Practice!If the band can't play through the song without making mistakes, then you might not be ready to record that song yet. Take the time to practice the songs you want to track thoroughly. This isn't to say that you can't be creative in the studio, but it's a lot cheaper to be creative on your own time.
If the clock starts running whether you're there or not, be on time. Even if you are not being charged, the last thing you need is a hacked off recording engineer.There is a cancellation policy for no shows.
Make yourself comfortable in the studio. If it's not a relaxed place, it will show in your finished product.
Make sure you and the engineer have the same vision - go over your songs with him/her before recording.Be clear and concise with this communication as this time is generally on the clock.
Determine how many tracks you think you will need to capture the essential parts of your song?Less is often best, and can simplify the mixdown process.Make sure your concept is communicated clearly to the engineer.His feedback regarding your thoughts can be quite valuable, can save you money, and it never hurts to feed him well too.
Use good strings, cords, drum sticks and heads - and bring spares!
Drummers should put on new heads about 1 week before the session. The snare head should be replaced immediately before the session, and if you're doing more than one or two songs, consider bringing extra snare heads. Nothing sounds as good recorded as a fresh snare head. Guitarists should put a new set of strings on at least a few days before the session and make certain to set your intonation carefully! Bring extra strings. Bass players can replace their strings, although new bass strings can be overly metallic. Changing bass strings a week or two before the session is a good idea.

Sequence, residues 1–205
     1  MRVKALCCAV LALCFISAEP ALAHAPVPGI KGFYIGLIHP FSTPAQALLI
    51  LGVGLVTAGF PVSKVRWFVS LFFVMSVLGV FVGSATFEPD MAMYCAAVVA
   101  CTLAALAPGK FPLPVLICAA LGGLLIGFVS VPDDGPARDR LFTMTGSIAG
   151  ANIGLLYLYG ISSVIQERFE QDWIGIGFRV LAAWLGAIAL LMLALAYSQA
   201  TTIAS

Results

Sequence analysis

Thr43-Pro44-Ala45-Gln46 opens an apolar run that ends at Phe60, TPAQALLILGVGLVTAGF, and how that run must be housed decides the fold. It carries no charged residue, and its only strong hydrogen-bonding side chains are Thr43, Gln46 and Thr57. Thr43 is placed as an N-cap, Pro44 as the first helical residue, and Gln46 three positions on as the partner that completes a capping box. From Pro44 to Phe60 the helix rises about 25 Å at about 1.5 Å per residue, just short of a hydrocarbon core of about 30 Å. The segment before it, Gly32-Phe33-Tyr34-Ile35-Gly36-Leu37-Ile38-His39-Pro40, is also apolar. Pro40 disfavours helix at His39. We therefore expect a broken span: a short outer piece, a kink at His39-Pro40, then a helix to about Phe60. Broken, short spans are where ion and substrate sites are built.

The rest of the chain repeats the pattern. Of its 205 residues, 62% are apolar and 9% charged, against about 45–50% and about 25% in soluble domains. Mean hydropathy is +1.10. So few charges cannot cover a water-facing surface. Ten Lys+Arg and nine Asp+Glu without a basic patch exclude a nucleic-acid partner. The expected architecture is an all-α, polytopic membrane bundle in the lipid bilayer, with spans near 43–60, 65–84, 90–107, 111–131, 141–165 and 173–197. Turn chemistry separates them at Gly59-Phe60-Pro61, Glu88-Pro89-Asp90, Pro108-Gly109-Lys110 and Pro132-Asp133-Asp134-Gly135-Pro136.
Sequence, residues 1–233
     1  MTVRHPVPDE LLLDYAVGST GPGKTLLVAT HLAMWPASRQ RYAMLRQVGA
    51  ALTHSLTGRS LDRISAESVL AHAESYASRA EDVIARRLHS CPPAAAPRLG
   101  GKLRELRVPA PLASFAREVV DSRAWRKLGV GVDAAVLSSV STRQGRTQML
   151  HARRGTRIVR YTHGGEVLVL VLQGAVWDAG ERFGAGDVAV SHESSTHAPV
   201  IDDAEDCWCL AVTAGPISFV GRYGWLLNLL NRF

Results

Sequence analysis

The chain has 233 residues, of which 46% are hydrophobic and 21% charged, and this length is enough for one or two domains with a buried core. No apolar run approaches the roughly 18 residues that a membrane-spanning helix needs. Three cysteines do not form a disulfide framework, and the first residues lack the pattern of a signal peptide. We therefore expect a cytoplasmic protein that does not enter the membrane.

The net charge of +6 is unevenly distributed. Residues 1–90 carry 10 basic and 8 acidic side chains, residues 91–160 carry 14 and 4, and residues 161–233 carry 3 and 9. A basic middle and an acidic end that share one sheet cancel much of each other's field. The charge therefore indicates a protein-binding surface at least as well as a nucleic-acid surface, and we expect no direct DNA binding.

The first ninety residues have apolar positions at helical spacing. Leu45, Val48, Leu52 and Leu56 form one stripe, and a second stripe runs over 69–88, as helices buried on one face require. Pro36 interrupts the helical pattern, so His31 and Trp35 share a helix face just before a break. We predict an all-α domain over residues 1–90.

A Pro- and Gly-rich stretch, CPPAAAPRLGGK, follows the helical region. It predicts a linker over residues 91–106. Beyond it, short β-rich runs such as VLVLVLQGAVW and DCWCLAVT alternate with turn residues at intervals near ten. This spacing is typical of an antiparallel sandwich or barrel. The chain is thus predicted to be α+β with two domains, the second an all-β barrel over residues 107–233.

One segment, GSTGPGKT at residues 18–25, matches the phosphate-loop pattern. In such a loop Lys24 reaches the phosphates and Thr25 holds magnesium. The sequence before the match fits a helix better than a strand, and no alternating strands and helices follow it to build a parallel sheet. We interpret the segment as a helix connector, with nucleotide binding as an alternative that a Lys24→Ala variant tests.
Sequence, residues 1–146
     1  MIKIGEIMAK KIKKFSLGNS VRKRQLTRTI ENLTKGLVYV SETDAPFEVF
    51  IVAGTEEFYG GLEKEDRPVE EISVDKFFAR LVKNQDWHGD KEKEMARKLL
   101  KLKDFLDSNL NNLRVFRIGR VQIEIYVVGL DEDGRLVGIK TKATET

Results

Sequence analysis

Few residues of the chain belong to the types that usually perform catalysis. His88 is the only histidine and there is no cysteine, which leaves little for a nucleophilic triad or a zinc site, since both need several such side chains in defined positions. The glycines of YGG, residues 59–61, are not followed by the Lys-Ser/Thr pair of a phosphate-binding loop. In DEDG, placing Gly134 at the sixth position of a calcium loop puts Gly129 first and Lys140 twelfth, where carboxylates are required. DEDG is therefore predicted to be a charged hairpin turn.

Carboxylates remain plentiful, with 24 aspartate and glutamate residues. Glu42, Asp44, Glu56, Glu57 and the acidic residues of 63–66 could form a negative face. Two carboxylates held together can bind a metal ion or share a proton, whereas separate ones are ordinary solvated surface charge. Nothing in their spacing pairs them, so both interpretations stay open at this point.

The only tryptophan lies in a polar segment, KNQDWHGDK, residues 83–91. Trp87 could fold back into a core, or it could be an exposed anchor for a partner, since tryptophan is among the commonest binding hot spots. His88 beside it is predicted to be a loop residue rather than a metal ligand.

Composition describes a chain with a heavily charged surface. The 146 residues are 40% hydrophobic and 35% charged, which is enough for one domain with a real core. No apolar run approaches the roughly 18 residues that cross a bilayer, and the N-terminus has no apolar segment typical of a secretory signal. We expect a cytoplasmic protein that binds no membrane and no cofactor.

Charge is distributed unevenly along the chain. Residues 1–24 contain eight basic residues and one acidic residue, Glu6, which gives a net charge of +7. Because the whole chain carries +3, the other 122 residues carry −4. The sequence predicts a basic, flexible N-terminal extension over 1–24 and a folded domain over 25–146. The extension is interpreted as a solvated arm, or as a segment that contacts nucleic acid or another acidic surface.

Get your gear and yourself in shape. Don't show up for a session that you're paying for with gear that doesn't work properly, cables that cut out, batteries that are going dead, blown speakers, squeeking drum hardware and sick people and expect to have a great sounding recording.
Let people know you're busy! You don't want to be called in to work half-way through your session. Everyone involved needs to clear their schedules for the recording sessions.
Don't try out new gear or different equipment that you have never used before, even if it's "better than yours." Surprises can cause HUGE problems that can break your budget!
Thank you for contributing to the Indie music scene! Without you, music would be uninspired and all sound the same.